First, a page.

- The 12vdc source wires should be twisted along their length before adding the Anderson PowerPoles at the ends. The twisting will cause each conductor to rotate with respect to the other conductor as you twist. Twisting will reduce the RFI by a significant amount from the power leads.
Elsewhere on the web, I ran across a link that describes how to change the LCD color of the Yaesu FT-8800. Now this is admittedly pretty wacky… but I’ve developed an obsession with having blue displays on everything (we all have our psychotic hang-ups I guess). I thought about buying the FT-350 for this exact purpose. Some rigs, such as those made my Kenwood, offer a choice of color. My FT-817 and FT-847 both have nice blue displays. I’m stuck with amber on the K3 and my new FT-8800. Or so I thought!
I doubt I’ll be pulling my new (used) rig apart anytime soon to desolder surface-mount LEDs, but the prospect is certainly intriguing and wow, that blue looks beautiful.
One of my favorite shows as a kid was The Twilight Zone. I would stay up until after midnight waiting to watch the old re-runs on the weekends. I’ve been watching an episode or two on Netflix lately, as the whole catalog is available there.
An episode titled “Black Leather Jackets” caught my eye the other night and it was one I’d never seen before. As an episode, it was horrible, but it did have some hilarious ham radio banter about 6 minutes in. The plot revolves around a group of aliens masquerading as a motorcycle gang moving into a quiet neighborhood. Naturally, they are plotting to take over the world.
Their first order of business is to erect a very strange antenna, which apparently jams the TV signals of the rube neighbor, prompting him to blame ham radio operators.
“Just our luck. Ham radio operators. You know what they do to radio and television reception.”
The episode can be watched in full here, or skip ahead to the ham radio bits in the embed below:
Also in the aether
We’ve had some decent postings over at our club website lately.
- My pal Todd wrote an excellent article on building simple multiband wire antennas
- I posted a photo gallery from Walk MS, an event our club supported
And I really enjoyed this post from Radio Artisan yesterday on the most infamous frequency in radio:
I’m happy to welcome into ham radio my buddy Tom, KM4AEF (Yes, KM). I met Tom last November in another organization I’m a member of, and we hit it off when I mentioned I was a radio amateur. He has an uncle and a grandparent who are hams, and was interested in learning more about the hobby.
This past weekend, I was happy to work as a volunteer examiner and write up his CSCE after he passed the Tech. My friend Ronnie, W4RWL, presented him with a dual-band handheld as a reward for his achievement. His callsign showed up in the ULS on Monday and I know we’ll be hearing him on the air soon.
Saturday’s VE session went over quite well. We had eight walk-ins, resulting in five new technicians and three general upgrades. Everyone left happy.
From the wonderfully strange and creative mind of my friend Jeff, K1NSS:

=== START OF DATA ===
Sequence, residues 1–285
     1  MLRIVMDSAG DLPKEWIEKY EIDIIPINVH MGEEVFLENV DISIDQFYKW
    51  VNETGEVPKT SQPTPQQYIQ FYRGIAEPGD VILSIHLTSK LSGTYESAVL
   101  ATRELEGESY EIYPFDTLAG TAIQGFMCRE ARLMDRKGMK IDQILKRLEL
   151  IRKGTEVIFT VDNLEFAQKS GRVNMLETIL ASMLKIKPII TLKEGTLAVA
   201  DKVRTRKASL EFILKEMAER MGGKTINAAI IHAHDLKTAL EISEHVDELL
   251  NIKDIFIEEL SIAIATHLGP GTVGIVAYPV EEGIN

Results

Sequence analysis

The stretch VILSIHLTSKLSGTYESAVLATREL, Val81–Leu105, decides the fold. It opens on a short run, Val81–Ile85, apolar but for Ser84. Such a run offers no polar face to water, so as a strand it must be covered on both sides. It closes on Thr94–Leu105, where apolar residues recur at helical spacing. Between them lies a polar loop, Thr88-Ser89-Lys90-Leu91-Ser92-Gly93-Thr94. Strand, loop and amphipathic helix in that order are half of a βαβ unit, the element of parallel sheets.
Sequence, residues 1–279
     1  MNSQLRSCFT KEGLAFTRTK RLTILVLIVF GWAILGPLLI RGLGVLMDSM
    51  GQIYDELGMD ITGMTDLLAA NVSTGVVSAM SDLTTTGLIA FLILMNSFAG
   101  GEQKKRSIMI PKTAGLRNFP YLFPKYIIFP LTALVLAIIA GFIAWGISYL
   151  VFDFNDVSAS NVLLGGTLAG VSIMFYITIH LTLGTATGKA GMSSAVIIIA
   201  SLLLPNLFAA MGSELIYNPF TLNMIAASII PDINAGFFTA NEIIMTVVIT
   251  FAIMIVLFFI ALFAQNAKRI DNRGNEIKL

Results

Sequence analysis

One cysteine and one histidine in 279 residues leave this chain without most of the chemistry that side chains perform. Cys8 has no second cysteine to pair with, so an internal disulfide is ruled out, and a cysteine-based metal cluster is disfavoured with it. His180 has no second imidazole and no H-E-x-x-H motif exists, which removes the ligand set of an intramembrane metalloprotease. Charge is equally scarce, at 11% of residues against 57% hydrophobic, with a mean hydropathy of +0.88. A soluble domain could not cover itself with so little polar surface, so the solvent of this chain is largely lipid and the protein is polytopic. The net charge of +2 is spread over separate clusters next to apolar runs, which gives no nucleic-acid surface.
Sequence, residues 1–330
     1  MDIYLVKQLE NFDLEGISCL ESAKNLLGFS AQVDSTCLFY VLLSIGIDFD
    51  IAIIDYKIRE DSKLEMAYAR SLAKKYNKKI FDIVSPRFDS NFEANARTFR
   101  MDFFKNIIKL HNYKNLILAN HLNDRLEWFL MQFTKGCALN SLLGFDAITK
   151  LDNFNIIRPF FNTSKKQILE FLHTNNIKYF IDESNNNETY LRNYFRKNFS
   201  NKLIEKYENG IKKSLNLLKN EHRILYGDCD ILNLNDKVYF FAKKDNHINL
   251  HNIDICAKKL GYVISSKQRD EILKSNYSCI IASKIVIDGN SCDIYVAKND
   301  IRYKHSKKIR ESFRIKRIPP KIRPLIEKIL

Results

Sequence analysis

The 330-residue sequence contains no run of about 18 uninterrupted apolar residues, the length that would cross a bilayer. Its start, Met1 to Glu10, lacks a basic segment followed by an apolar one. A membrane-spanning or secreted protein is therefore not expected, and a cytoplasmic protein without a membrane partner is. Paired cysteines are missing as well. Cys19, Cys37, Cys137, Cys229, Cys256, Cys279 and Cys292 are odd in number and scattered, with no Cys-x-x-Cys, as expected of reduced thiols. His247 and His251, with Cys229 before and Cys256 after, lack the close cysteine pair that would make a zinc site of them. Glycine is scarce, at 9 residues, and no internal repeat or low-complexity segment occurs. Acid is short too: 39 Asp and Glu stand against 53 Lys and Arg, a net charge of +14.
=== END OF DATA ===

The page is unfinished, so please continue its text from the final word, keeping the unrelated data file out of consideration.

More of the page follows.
Can you still tie a necktie?
Then you can strike a blow against the barbarians of 14.313 ham culture. It’s not about a frequency so much as persistent, malicious, witless, misuse of the radio spectrum that has traditionally given so many of us so much civililzed pleasure.
What’s up with the Windsor Knot action?
Once upon a time, Real Old Men wore ties on the air. Not everybody did. But everybody didn’t need to wear a necktie because so many did, which kept the lids down. Neckties are Lid Kryptonite. And the hard cases felt the pain right through the aether.
Would it work again? Well, it’s gonna take a lot of ties and we don’t have much time before the barbarians have a beach head on every HF band.
Introducing the International Necktie QSO Party. We invite all licensed radio amateurs to post pictures of themselves wearing neckties in their shacks on Facebook’s 21st century aether.
Furthermore, given enough support, we hope to designate a day, night, weekend, some block of time as the 2014 International Necktie QSO Party, during which hams so attired may contact one another and spread orderly good cheer and fellowship.
As the ARRL promised, a leaderboard and suite of tools to track progress for the Centennial QSO Party are finally online at centennial-qp.arrl.org.
The site lets you see how many W1AW stations you’ve contacted and tracks your point totals for the Centennial Challenge. It’s interesting to see the score breakdowns: For instance I can check the details of my score and see that I’ve worked several past section managers, some ARRL staff members, a handful of QST columnists and everything from official QSL card checkers to plain old ARRL members.
Because I’m a public information officer for our ARRL-affiliated club, I’m worth 12 points to any station that works me. There’s also a callsign search that allows you to lookup point values on any ham.
I believe this site has just launched this week. We’ll see how it goes as the year progresses, but for now, it looks like the ARRL did a fine job.
EDIT: Well I guess I’m late to the party, apparently the leaderboard has been live since the 20th. I don’t know how I missed it considering how many times I jump on LOTW throughout the day.